Massachusetts community hospitals are losing business to larger urban teaching hospitals, a trend that threatens to undermine the state’s campaign to curb health care spending.
In its first report on the issue, the state’s Health Policy Commission said Monday that community hospitals are being squeezed by lower payments from insurers and the choice of many patients to be treated at big Boston hospitals, even for routine medical care.
The state’s five largest health systems accounted for 61 percent of inpatient discharges for patients with commercial insurance in 2014, the most recent year for which data are available. That was up from 54 percent two years earlier, the report states.
Meanwhile, less than half of patients admitted to large Boston teaching hospitals are sick enough to require care in those higher-cost settings, the report says. The rest could receive good care in lower-priced community hospitals.
“Community hospitals are a crucial part of our health care delivery system, yet they face some substantial challenges for the future,” said David Seltz, executive director of the Health Policy Commission, a watchdog agency created in 2012 to monitor health care costs.
The report warned that as more medical care shifts from lower-priced community hospitals to their higher-priced competitors, health spending could rise statewide. The state has set a target of keeping annual medical spending growth to 3.6 percent.
“We see community hospitals as playing an important role in achieving those cost-containment goals in the future,” Seltz said.
Yet community hospitals are unsuccessfully fighting a powerful force that guides many consumers’ health care decisions: brand. Boston is home to some of the world’s most prestigious hospitals, including Partners HealthCare’s Massachusetts General and Brigham and Women’s hospitals, and Beth Israel Deaconess Medical Center. But Boston’s hospitals are also among the most expensive in the state, and as more patients choose to receive care there, overall medical spending rises.
Michael K. Lauf, chief executive of Cape Cod Healthcare, the parent company of hospitals in Hyannis and Falmouth, said as many as 500 Cape patients travel to Boston every year for heart surgery, joint replacements, and other procedures that could be handled locally.
“That’s the kind of care that can be kept in the community,” Lauf said. “The things that should stay in the community don’t, just based on brand and reputation.”
But the competition for community hospitals isn’t coming just from big teaching hospitals: It’s also from walk-in medical clinics, which are rapidly opening across the state and country.
“Urgent care, limited-service clinics are showing up down the street from community hospitals,” said Steve Walsh, executive director of the Massachusetts Council of Community Hospitals. “That, coupled with brand at academic medical centers, that has caused a bit of a perfect storm for community health providers.”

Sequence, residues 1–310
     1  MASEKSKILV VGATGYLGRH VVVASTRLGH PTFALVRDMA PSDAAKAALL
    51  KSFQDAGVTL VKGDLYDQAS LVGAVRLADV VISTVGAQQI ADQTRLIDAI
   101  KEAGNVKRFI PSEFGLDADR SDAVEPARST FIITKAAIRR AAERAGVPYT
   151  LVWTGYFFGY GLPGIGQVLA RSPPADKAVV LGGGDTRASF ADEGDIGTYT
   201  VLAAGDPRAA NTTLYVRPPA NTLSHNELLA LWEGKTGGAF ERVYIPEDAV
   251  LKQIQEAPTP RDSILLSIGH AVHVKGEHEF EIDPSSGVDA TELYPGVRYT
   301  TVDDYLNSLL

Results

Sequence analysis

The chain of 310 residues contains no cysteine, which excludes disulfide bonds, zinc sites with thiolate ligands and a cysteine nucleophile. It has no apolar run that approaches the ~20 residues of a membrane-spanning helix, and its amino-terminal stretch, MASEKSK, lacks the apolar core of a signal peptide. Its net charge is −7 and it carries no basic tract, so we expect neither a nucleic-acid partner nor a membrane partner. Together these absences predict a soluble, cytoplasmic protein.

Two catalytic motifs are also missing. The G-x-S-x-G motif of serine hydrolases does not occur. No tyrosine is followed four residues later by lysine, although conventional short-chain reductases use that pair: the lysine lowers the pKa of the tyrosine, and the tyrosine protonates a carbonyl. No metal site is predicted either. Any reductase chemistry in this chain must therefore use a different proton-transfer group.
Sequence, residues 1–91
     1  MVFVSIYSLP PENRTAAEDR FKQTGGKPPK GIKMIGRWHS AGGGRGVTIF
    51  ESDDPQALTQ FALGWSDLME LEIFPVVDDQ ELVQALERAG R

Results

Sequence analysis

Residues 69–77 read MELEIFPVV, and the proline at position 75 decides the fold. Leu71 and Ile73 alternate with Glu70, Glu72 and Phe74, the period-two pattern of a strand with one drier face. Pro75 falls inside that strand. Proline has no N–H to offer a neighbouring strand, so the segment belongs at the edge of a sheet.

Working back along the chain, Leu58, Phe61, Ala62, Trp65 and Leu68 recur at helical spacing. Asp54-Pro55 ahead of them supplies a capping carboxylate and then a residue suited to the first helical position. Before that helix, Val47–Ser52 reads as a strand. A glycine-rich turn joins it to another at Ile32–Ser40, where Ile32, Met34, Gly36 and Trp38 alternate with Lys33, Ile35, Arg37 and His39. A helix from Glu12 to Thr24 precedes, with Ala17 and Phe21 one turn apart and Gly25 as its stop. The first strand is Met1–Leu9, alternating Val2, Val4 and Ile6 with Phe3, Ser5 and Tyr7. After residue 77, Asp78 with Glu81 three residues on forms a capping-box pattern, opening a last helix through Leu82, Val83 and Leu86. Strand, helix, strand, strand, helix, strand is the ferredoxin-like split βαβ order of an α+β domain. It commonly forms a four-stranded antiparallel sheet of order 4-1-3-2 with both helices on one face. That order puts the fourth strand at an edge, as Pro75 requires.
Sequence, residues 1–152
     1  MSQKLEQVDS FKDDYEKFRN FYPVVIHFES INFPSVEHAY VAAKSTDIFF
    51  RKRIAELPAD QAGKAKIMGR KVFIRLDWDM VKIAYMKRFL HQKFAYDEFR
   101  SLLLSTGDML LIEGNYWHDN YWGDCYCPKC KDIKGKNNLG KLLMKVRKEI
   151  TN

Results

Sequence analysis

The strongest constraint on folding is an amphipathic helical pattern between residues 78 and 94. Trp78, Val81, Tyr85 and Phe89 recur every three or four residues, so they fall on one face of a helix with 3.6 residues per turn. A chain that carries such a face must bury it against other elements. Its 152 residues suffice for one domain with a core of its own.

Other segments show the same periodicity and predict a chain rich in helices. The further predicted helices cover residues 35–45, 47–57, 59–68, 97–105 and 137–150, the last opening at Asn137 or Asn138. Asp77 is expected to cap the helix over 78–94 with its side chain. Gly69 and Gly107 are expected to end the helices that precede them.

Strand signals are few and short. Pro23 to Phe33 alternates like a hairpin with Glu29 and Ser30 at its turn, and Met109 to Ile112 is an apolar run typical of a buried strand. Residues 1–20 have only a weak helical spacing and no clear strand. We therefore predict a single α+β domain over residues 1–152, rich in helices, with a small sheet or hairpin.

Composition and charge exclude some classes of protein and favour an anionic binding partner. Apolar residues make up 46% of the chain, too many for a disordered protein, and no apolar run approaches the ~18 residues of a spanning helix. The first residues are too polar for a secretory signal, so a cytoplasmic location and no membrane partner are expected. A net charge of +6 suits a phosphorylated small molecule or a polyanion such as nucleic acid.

Massachusetts has 43 community hospitals, often the biggest employers in their municipalities, according to the report. Some are independently run, while others are part of larger organizations such as Partners, Steward Health Care System, Beth Israel Deaconess, and Lahey Health.
The Health Policy Commission began studying the plight of community hospitals last year after the 2014 closing of two hospitals, North Adams Regional Hospital and Steward’s Quincy Medical Center.
More closings are planned: Partners is planning to shutter its hospital in Lynn and move services to nearby Salem, while Baystate Health is planning to end inpatient services in Ware and consolidate them in Palmer.
To survive and compete, many community health care providers have sought mergers or affiliations with larger systems. Others have opened new clinics or renovated facilities to draw more patients.
But patient volume is not the only problem. Community hospitals also need higher payments from commercial insurers in order to cover their costs and invest in improvements, said Spiros Hatiras, chief executive of Holyoke Medical Center.
“In a consolidating market, market share and market power drives reimbursement,” he said. “Price variation drives everything else.”
Several state reports have noted that large health care providers, namely Partners, have used their market clout to extract higher payments from insurers, which want the competitive advantage of being able to offer their subscribers access to top hospitals.
The Service Employees International Union is pushing a bill and a ballot question that would tackle the issue by taking nearly $440 million in payments from Partners and redestributing much of it to lower-paid competitors. Hatiras said he would back the ballot question if legislators don’t come up with another solution first.
Steward, a for-profit company that owns nine community hospitals in Eastern Massachusetts, also backs the measure, but most of the hospital industry opposes it.
Partners has said that its hospitals’ higher prices reflect the costs of providing high-quality care to critically ill patients, training doctors, and conducting biomedical research.
The Health Policy Commission plans to hold meetings with hospital executives and other stakeholders in the coming months and eventually support specific proposals that could help struggling community hospitals and address price variations.